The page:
Fires are always traumatic. Big or small, fires can leave you with so much fear and worries. Most fire victims find it extremely difficult to move on after a fire, but knowing what to do in most fire situations could help you on your feet. This is what most professionals would suggest during fire damage restoration.
Dos and Don’ts
No matter how emotional you are, you need to keep your head on straight after a fire especially if you are a parent and your children’s lives are at stake. First, check on everyone, including yourself. Do you have fire injuries? With or without skin burns, you and everyone who was inside the house during the fire should get yourself checked for smoke inhalation. You may need treatment at the hospital. If you were fortunate enough to get your insurance cards before leaving the site of the fire, present them at the hospital. If such IDs are not currently with you, call the insurance company for assistance. Hospitals would know the protocol for these situations.
Make the fire report
Fire reports are necessary especially if you are hoping to make damage claims with your insurance company after a fire. If your home was destroyed or harmed during a wildfire, the authorities handling fire damage restorations could help you make claims for fire management.
Report it to the police
Most likely, you will not be allowed to reenter your home after a fire. All utilities will also be turned off for safety’s sake. Reporting that your home was just damaged during a fire could add a layer of security from looters and squatters. You can also consult professionals on fire damage restoration, to make sure that your windows and doors are shut.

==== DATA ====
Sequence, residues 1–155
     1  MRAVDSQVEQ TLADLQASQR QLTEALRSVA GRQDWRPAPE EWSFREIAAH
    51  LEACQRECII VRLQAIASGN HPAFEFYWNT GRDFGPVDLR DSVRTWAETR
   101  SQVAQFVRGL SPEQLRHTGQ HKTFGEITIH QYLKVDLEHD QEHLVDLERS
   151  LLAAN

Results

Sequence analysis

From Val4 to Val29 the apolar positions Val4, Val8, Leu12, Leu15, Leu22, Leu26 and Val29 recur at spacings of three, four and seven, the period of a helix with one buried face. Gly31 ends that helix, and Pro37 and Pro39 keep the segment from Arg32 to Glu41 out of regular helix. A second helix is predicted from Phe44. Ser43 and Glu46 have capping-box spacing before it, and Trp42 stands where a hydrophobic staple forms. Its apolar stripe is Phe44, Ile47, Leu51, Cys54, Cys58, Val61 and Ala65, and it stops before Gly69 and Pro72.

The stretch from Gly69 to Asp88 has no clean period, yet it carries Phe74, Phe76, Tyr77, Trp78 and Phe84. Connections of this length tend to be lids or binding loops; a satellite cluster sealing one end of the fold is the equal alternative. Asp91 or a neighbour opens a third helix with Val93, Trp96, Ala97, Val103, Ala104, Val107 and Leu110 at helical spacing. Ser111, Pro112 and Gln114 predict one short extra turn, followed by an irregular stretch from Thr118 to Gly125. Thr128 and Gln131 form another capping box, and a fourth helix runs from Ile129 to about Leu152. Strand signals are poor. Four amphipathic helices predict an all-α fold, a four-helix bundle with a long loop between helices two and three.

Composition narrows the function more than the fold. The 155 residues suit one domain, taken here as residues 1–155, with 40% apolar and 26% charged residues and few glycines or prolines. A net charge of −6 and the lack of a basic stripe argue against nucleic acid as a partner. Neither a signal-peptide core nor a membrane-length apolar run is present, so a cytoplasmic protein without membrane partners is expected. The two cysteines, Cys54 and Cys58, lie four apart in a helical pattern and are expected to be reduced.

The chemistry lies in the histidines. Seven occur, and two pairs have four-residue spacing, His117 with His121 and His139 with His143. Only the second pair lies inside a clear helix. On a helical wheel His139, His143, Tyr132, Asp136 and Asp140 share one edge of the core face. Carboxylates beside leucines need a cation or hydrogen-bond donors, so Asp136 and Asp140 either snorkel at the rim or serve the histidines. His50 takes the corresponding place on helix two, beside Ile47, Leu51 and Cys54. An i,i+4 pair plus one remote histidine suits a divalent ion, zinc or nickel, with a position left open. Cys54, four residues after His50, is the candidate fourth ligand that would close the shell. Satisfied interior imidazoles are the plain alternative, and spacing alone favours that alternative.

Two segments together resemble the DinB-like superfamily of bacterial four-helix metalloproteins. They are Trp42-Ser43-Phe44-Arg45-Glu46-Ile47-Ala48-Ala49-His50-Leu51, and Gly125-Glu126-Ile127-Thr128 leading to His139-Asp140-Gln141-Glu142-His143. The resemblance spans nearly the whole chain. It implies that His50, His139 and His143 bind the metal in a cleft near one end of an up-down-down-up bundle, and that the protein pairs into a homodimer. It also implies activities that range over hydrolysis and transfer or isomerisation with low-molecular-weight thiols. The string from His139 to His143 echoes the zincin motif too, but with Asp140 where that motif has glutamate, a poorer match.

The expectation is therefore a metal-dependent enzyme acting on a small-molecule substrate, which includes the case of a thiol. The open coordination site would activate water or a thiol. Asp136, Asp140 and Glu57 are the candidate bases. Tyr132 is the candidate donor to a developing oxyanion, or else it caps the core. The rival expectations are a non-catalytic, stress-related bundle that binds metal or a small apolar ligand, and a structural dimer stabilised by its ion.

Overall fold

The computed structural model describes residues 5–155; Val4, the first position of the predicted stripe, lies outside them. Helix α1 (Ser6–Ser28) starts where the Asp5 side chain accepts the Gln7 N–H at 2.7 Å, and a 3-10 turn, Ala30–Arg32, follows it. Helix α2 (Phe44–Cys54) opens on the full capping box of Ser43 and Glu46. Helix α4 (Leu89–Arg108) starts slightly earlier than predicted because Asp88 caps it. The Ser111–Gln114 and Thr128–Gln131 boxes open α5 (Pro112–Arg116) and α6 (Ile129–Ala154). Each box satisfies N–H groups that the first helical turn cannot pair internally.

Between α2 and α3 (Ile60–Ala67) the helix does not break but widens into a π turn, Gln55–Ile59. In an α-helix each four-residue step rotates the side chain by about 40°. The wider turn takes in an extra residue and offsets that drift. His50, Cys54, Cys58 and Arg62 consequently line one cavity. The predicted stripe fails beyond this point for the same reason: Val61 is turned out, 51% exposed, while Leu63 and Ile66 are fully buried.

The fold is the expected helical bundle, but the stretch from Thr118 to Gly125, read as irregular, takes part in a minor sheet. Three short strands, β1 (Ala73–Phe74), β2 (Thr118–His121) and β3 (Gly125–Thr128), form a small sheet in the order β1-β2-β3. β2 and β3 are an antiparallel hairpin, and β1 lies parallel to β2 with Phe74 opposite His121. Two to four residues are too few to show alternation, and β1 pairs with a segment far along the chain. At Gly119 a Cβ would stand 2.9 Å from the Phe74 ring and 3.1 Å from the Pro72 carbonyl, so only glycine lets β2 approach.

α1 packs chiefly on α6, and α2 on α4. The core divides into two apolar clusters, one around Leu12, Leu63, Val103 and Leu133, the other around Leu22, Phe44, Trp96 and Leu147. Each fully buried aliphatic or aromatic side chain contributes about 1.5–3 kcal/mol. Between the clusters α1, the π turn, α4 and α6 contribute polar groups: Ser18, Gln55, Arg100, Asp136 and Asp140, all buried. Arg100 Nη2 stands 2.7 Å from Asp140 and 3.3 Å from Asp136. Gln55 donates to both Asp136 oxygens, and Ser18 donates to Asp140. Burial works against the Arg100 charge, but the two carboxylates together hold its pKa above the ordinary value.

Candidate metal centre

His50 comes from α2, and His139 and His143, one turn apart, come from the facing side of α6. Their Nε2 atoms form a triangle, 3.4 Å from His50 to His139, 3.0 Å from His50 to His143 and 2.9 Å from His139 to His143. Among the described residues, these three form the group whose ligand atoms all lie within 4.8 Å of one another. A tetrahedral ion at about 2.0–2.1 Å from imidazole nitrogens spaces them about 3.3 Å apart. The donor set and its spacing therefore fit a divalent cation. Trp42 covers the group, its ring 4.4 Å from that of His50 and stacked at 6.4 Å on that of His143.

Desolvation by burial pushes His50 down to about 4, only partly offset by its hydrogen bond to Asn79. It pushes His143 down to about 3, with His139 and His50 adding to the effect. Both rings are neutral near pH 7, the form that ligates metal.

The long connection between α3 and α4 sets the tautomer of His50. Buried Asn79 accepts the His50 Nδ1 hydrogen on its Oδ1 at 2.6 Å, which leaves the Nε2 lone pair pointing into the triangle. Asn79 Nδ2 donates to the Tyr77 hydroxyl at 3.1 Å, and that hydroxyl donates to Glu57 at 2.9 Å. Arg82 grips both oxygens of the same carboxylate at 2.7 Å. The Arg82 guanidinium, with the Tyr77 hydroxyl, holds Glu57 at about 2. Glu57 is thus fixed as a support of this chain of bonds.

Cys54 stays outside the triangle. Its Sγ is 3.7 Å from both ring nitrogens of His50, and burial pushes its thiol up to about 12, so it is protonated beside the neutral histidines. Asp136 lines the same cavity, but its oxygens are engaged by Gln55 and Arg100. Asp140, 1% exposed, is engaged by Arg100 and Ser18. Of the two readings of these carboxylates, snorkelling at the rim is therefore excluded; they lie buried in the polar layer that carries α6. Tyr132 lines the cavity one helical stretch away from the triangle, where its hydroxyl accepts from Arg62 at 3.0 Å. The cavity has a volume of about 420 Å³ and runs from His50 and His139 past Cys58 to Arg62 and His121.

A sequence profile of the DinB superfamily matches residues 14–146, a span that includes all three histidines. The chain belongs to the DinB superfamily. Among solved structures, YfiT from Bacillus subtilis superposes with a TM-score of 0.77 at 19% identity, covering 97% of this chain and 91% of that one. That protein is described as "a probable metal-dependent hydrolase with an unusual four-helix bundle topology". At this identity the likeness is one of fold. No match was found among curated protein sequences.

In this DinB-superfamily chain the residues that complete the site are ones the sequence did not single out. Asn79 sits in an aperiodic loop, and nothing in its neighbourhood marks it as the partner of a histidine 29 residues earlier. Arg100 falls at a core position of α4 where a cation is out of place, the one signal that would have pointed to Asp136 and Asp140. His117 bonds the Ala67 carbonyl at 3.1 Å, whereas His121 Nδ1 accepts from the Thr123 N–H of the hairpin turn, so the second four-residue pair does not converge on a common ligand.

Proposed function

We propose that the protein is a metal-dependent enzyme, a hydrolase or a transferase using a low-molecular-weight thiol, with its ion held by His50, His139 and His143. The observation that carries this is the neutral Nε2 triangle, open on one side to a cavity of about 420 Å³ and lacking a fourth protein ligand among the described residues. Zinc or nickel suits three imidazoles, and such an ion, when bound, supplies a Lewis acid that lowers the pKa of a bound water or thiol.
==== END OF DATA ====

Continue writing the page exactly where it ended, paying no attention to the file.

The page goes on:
Remove unharmed property
Remove any unharmed properties from your home to prevent further damage to them. Smoke damage can sometimes be as detrimental as fire damage. Save what you can, but it is not recommended for you to do this on your own especially if you were in your home during the fire. You could still be dealing with trauma. Hire professionals to manage and move your things. If possible, have unharmed things professionally cleaned so they don’t smell like fire. Move heirlooms and other valuables first and keep them safe.
List damages well
You must append in your fire report a list of damaged items as well. Be as specific as possible as this will make fire damage claims easier. Go through the trouble of listing model and serial numbers of these are accessible to you. The more specific you are with your damaged items, the easier it is for your insurance company to reimburse you–given that this is covered in your policy.
Do not move in yet
Unless your home has been cleared by the fire department, do not move back in. Have the integrity of your home checked and the wirings and air quality as well. If you have members of the family who are sensitive to smoke and fumes because of asthma or other lung problems.